In an internal polling document obtained by City & State, members of the Bucks County Democratic campaign for county commissioner expressed concerns about voter registration trends and fundraising numbers in the race.
Democratic County Commissioners Bob Harvie and Diane Marseglia are seeking reelection, as is Republican Commissioner Gene DiGirolamo. In Bucks County, where the minority party holds one seat, each party has two nominees and the top three vote-getters earn spots on the board. In this year’s race, the third and final spot is expected to be contested between Harvie and Republican Pamela Van Blunk, the county controller.
Last week, a leaked internal memo revealed the “challenging environment” the Democratic campaign believes it needs to overcome in a county where Republicans are expected to overtake Democrats in voter registration if recent projections continue into next year.
“The Marseglia-Harvie campaign has a plan and has built an operation to withstand a potentially difficult year – but we will not be able to sustain our current level of activity or follow through on our paid media strategy at our current fundraising pace,” the document read.
The document noted that the campaign raised about $1 million toward its $2.5 million goal and mail and digital plans for the Democratic candidates will have to be scrapped if future funding goals aren’t met. Recent internal polling showed a tight race across the board, with Harvie at 39% and Van Blunk at 36% for the third and final board seat, with single digits separating all four candidates.
Democrats held a 10,500 voter registration advantage over Republicans in September 2021, according to the internal memo. As of August, the advantage has shrunk to under 5,000.
“We are the only Philadelphia collar county getting redder, and at current pace Republicans will eclipse Democrats in registration by next year,” the memo said.
Jordan Abelson, communications director for Bucks United, told City & State the trends “should be a concern” going into 2024.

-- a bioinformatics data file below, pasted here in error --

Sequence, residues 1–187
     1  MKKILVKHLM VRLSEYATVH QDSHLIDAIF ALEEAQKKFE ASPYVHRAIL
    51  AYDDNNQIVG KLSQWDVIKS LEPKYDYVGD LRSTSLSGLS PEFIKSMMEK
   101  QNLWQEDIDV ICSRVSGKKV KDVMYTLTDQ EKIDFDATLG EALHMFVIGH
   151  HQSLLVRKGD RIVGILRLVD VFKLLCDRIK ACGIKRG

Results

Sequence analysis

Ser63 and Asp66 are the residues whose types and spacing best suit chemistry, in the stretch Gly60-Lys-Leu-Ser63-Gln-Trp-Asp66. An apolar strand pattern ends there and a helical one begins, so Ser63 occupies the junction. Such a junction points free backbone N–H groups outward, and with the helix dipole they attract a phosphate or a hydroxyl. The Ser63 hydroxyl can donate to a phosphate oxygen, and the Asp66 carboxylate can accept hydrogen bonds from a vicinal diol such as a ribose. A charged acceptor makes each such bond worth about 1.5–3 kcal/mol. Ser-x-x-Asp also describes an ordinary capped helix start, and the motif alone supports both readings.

“At our current fundraising pace, we look to be outspent by our Republican opponents,” Abelson said in a statement. “We know we have a message that can and will win, focusing on Bob and Diane’s record as the most bipartisan administration in Bucks history, funding law enforcement, holding the line on taxes and protecting a woman’s right to choose.”
The race can be viewed as a barometer for Philadelphia’s collar counties and purple districts ahead of the 2024 elections.
National political conversations have made their way into the county’s school boards, election discussions and more. This fall’s elections will determine which party controls the Board of Commissioners, as well as the Bucks County Board of Elections, which is responsible for overseeing election administration in the county.
Eric Stern, a Democratic strategist, said the importance of Bucks County and the commissioners’ race cannot be overstated.
“The path to winning the (state) Supreme Court this year, retaining our state House majority and winning the presidency next year runs through Bucks County and through this election,” Stern told City & State. “I don’t think anyone’s lighting their hair on fire…(but) I would hope that donors and other folks would take notice.”
Lindy Li, a national Democratic political strategist, told City & State the internal memo isn’t a cause for concern for Democrats statewide and that above all else, abortion rights have brought out voters in close elections.
“As we’ve seen in Wisconsin, Ohio, Kansas and elsewhere, every time abortion rights are on the ballot Democrats win,” Li said. “There are plenty of top donors who are ready and eager to open up their wallets. Some scream that the sky is falling. Professionals know where to look.”
Pat Poprik, the chair of the Bucks County Republican Committee, called Democratic policies a “failure” and that voters want public safety, the economy and inflation addressed.
“We are talking to voters every day across this county, and it is clear that they have serious concerns about public safety, the state of our economy, and the continued cost of out-of-control inflation,” Poprik told City & State in a statement. “The voters want elected officials who will support law enforcement, hold the line on taxes, and keep politics out of county government. With their vote on November 2nd, they can set the course for our county over these next four years.”
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